Obama's reset button not working for Syria
The Obama administration is justifiably proud of how it has managed to "reset" relations with Russia, and how it has managed to build international pressure against Iran after its efforts at engagement were spurned.
But the reset button for Syria seems to have failed, if the latest remarks by Syrian president Bashar al-Assad are any indication.
In an interview published Tuesday in al-Hayat newspaper, Assad said that the United States has created chaos in every place it entered. The remarks appeared to be a sharp rebuke after the administration has dispatched various diplomats to Damascus in an effort to wean him from the Iranian camp and to draw him into peace talks with Israel.
"Is Afghanistan stable? Is Somalia stable? Did they bring stability to Lebanon in 1983?" Assad asked, referring to U.S. intervention in Lebanon's 15-year civil war that ended in 1990.
State Department spokesman P.J. Crowley fired back quickly, suggesting the administration has lost patience with Assad as well. "We believe we're playing a constructive role in the region, and we believe that Syria is not," he said in a lengthy and detailed critique of Syrian behavior.
In the interview, Assad also warned that possible indictments in the 2005 assassination of former Lebanese Prime Minister Rafik Hariri could lead to a civil war in Lebanon.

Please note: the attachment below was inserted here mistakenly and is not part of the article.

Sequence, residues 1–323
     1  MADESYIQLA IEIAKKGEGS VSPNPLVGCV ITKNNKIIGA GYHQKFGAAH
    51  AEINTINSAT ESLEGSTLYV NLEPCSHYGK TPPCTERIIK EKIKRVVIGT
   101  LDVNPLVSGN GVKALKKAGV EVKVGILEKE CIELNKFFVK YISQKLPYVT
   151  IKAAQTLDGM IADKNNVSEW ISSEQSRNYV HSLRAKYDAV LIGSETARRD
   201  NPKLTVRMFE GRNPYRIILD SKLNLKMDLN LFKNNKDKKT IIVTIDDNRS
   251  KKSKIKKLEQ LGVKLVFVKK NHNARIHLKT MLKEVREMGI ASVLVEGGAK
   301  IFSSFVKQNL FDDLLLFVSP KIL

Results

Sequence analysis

"Any clash at any time between any group will sabotage Lebanon and destroy it," he said.
Crowley said Syria was the root of problems in Lebanon. Syrian actions "directly undermine Lebanon sovereignty and directly undermine Syria's stated commitments, you know, to Lebanon's sovereignty and independence," he said.
The administration has also nominated an ambassador to Syria -- which the Bush administration had withdrawn after the Hariri killing -- but that has stalled in the Senate.
Please continue for the full text of Crowley statement.
P.J. Crowley's full statement in response to the Assad interview:
"President Assad is within his right to provide, you know, his critique. You know, let me do the same.
"Recent Syrian behavior and rhetoric has had a destabilizing effect on Lebanon and the region. It has contributed to, you know, recent, you know, tensions. We understand that, you know, certain actors within and outside Lebanon, including Syria, Hezbollah and Iran, may believe they stand to gain by escalating sectarian tensions in an attempt to assert their own authority over Lebanon. You know, for example, Syria continues to transfer weapons to Hezbollah, and recently issued arrest warrants for 33 Lebanese and foreign nationals, including the Lebanese government state prosecutor and head of the national police.
"These activities by Syria directly undermine Lebanon sovereignty and directly undermine Syria's stated commitments, you know, to Lebanon's sovereignty and independence. So if the issue is, you know, who is playing a more constructive role in the region, you know, we stand by our pledge to support a sovereign, stable and independent Lebanon, with strong Lebanese institutions as the only way to realize the best interests of the Lebanese people and the region as a whole.
"We believe we're playing a constructive role in the region, and we believe that Syria is not."
| October 27, 2010; 6:00 AM ET
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